Education, politics, and anything else that catches my attention.
The colleges have a problem because the US population wants the impossible.As a group, the US population wants:(a) Lots of kids to go to college,(b) And graduate,(c) But for the degrees to not be watered down.This isn't going to happen.Consider Texas Southern (#5 on the list).Until very recently, it was an "open admission" college ... meaning that, just like our community colleges, it took *EVERYONE* who wanted to come and could pay tuition.This has recently changed, and the school now requires a SAT Math+Verbal score of at least 820. The previous average M+V (assuming that one can trust the internet :-)) was 760.You just aren't going to have very many kids who score 760 on the SAT M+V graduate if the degrees mean anything.So ... lots of these schools could get more selective. This means that they would close as the better kids don't want to go to these schools. Plus, the kids currently going to these schools would not be permitted to go to college.Or these schools could water down their education even more than they have (don't assume that a math degree from these schools means the same thing as a math degree from, say, Sacramento State). I expect that the degrees are close to worthless in terms of getting a job (except that I expect that an undergrad degree in education will lead to a teaching job in an inner city school ...), so watering things down even more won't hurt much ... but won't help, either.So, what to do?My take is that the US sends *WAY* too many kids off to college. The kids aren't smart/motivated/whatever enough to get a *real* degree and would benefit by doing something else with their time (especially if they are racking up debt at the college). But this isn't going to happen. The current thrust is to send even *MORE* kids to college.Sigh.-Mark Roulo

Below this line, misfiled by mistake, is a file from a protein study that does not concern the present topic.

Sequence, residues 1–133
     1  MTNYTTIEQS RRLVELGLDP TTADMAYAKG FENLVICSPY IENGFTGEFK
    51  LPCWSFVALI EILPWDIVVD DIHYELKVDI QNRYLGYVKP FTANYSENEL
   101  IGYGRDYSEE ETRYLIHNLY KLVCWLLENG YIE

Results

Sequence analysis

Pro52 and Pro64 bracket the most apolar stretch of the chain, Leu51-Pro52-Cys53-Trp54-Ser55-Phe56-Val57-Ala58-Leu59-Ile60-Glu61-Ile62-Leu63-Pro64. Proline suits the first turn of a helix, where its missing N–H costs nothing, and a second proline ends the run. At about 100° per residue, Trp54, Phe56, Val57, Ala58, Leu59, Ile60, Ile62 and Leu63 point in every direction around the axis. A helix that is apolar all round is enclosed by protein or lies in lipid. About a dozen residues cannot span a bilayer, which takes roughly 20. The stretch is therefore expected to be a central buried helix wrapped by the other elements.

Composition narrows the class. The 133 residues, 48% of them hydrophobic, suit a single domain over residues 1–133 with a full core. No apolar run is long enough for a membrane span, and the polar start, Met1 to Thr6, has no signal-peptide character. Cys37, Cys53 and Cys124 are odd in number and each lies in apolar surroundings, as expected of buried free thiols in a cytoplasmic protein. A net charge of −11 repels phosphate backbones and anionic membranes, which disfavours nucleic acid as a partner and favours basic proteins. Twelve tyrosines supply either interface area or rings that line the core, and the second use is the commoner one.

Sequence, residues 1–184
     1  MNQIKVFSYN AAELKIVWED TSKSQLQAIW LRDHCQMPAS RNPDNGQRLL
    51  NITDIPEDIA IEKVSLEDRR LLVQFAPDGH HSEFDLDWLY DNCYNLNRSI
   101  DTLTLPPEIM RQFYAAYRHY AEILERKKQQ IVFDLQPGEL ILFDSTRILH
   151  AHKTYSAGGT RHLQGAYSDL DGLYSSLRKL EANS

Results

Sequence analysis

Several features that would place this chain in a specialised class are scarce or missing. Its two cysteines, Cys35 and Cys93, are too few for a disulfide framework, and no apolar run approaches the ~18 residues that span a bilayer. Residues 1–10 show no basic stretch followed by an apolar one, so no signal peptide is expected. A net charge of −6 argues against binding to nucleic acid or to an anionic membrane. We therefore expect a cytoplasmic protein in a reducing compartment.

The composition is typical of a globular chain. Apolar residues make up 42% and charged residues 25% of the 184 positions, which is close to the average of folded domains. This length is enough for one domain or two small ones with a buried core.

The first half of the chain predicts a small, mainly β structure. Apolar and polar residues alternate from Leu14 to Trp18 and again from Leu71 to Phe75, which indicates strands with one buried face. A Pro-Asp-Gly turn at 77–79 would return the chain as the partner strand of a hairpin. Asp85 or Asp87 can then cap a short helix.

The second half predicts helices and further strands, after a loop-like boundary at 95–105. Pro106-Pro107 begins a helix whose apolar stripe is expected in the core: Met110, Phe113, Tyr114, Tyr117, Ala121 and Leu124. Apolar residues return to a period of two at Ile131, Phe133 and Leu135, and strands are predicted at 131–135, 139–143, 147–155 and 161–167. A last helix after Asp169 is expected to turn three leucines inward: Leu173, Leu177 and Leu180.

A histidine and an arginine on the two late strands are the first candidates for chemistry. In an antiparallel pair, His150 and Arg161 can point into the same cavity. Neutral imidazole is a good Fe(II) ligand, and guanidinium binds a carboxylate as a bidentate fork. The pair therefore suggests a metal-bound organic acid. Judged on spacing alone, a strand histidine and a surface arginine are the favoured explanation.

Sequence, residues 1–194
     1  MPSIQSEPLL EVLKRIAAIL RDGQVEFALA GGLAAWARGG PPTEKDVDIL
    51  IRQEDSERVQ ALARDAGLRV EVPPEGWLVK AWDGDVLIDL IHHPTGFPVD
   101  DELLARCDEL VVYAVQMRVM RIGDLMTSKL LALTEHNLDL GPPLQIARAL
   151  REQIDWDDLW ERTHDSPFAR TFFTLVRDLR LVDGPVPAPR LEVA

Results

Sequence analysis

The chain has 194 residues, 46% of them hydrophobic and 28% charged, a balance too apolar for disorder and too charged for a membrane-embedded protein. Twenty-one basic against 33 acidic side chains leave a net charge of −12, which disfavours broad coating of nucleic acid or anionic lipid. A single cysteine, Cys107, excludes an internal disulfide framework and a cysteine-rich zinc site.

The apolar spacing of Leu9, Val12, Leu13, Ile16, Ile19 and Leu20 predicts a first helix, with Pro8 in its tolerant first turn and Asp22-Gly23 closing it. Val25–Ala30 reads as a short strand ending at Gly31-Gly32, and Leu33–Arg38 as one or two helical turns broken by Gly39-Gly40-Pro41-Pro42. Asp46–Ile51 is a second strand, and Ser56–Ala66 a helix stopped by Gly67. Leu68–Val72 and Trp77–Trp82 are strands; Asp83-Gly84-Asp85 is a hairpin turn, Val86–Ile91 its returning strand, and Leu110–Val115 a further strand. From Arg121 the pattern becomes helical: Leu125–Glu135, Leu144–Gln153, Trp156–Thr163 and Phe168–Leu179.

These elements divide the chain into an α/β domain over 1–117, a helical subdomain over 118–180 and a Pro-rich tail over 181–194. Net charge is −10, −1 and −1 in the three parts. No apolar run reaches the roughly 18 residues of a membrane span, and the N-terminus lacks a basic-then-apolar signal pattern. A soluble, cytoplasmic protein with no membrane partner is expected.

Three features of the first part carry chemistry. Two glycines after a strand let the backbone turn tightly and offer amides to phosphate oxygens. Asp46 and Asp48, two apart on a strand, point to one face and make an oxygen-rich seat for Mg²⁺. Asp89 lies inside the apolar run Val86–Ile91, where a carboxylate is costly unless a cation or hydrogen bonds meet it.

I recently read Change.edu, and the author referred to many college kids as "automatics"--they go to college because they don't know what else to do and it's expected of them.I had an Eagle Scout for an "automatic" student several years ago. A couple years after he graduated he came back to school, excited to see me. He couldn't wait to tell me how he never felt "at home" at (community) college, how he did it only because his parents wanted him to, and how he finally quit and joined the military. He couldn't wait to tell me because he knew I'd understand, value, and respect his decision.He can always go back to college later if he wants to, when *he's* ready.
What's even scarier is to look at the money--the % of Pell Grant recipients, for example.One college has the following:Graduation rate: 8.9% Undergraduates: 1,371Pell Grant recipients: 51.2% In-State Tuition and fees: $5,288 Acceptance rate: 88.7% So they accept 88% of people who apply, and then more than half of those folks use Pell Grants to pay for school...of which only 8.9% graduate. Is that money being spent well?
How are these numbers calculated? I wonder if the low graduation rate from Cameron might be driven by the (probably) large number of soldiers from Ft Sill (right next door) who take some classes to get the promotion points, and who also have no intention of completing college at Cameron.
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